I recently moved and got a new doctor. I ring the bell, wait until they slide back the opaque glass and acknowledge my existence. Upon seeing me, the nurse hands me the every popular clipboard (provided to her by the makers of Viagra) and a pen (compliments of the makers of Levitra). “Please fill these out” she says. So, with odd feelings of inadequacy, I shuffle to my seat with the enthusiasm normally reserved for my dentist and begin. Moving through the process I discover that there are 7 forms that I need to fill out – ALL 7 ask me for my name, address, city, state, zip and phone. Three ask me about my “emergency contact”, they all require my SSN and signature – I can’t go on, I’m having flashbacks. If you think this is frustrating, think how tired your customer is of having to enter that stupid 14 digit “project number” on every form! At least I care about my address and emergency contact. Don’t ask for the same information more than once.

One great example of how one team I was on used this principle is that we created a form for the project initiation. This was just to get things kicked off, get a sponsor and a PM, that kind of information. This form next became the project Charter by the addition of a few sections giving more information about he project, team, scope, etc. The charter then goes in front of the Steering Committee for approval, once approved, the charter then grows into the Project Plan document. Now, I know this is an example of a form growing – which I said is bad, but no duplicate information is required, the document grows in proportion to the stage and complexity of the project, and no one is having to fill the same thing out multiple times. I think this is a great approach- we also use this for meeting agenda and minutes – the agenda becomes the minutes by the addition of a section. There is then only one document to store.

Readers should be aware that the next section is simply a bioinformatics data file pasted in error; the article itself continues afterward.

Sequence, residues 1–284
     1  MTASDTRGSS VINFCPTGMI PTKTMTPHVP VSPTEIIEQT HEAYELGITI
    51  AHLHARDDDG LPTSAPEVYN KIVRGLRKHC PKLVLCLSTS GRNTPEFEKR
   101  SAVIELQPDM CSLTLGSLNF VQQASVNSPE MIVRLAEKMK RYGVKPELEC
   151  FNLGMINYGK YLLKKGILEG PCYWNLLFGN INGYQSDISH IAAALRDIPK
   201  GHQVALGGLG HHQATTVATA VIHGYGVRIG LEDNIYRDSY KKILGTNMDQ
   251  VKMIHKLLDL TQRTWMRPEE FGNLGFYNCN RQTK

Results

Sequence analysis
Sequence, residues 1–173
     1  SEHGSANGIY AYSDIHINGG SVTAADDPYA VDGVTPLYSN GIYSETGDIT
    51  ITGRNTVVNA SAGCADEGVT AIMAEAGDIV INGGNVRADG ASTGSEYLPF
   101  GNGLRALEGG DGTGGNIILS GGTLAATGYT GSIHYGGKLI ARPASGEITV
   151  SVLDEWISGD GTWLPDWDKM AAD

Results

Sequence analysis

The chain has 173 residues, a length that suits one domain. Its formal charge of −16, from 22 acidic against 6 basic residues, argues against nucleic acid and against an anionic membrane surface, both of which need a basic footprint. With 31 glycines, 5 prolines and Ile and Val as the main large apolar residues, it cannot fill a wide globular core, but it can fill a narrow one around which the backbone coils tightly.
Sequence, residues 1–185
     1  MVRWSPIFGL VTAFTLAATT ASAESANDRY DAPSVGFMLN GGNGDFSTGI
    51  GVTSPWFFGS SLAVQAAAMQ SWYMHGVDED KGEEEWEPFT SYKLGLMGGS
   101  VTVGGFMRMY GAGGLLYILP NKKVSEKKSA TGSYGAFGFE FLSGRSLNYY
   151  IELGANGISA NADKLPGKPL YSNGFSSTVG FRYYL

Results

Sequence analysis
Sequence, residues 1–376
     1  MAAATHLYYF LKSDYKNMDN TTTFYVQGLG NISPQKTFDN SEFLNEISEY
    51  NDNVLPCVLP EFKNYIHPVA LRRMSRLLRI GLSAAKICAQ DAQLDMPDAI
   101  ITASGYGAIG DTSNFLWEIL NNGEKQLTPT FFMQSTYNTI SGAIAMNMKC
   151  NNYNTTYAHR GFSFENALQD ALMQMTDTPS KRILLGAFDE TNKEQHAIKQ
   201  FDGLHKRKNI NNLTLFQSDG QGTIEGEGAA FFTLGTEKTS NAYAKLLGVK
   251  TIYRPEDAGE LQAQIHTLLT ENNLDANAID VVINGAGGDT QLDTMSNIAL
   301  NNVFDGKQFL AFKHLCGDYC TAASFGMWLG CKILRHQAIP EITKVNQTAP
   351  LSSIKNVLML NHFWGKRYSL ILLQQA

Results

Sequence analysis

DIY – Do it yourself.

OK, want to keep your customers from hating your forms. Fill them out yourself. I’ve advocated doing the work yourself before, and the reasons are the same. How can they complain if you are doing the work and they are getting the benefit? Certainly some will complain that you need to be “working” not filling out forms, but that’s a whole different problem. Aside from delivering value at a low perceived cost there is another benefit to you (the PMO) filling out your own forms. You certainly will not want them to be as simple and easy as possible.

Try it, I’d like to get that nurse to sit in his waiting room for 6 hours writing their name and address again and again. I’ll bet they would figure out a better way! Just like you will. If you and your team are intimately familiar with your forms, as only those who use them constantly are, you will find ways to make them as efficient as possible. That incentive does not exist when you graciously provide others with the forms. Even asking is not enough. They are probably too busy filling out forms to tell you how to do it better. If you and your team are using the forms daily, those forms will become models of efficiency – trust me!

1 comment:

Sean Stogner said...

I agree.

Forms have a place and time, but form overload will create discontent or the forms will not be filled out.

In my opinion a doctor’s office should print the forms out for you and ask you to review the form and update old information. The nurses will have less to enter and would be able to easily identify new or updated information. This would reduce their workload.

The best of both worlds can be had with a little effort.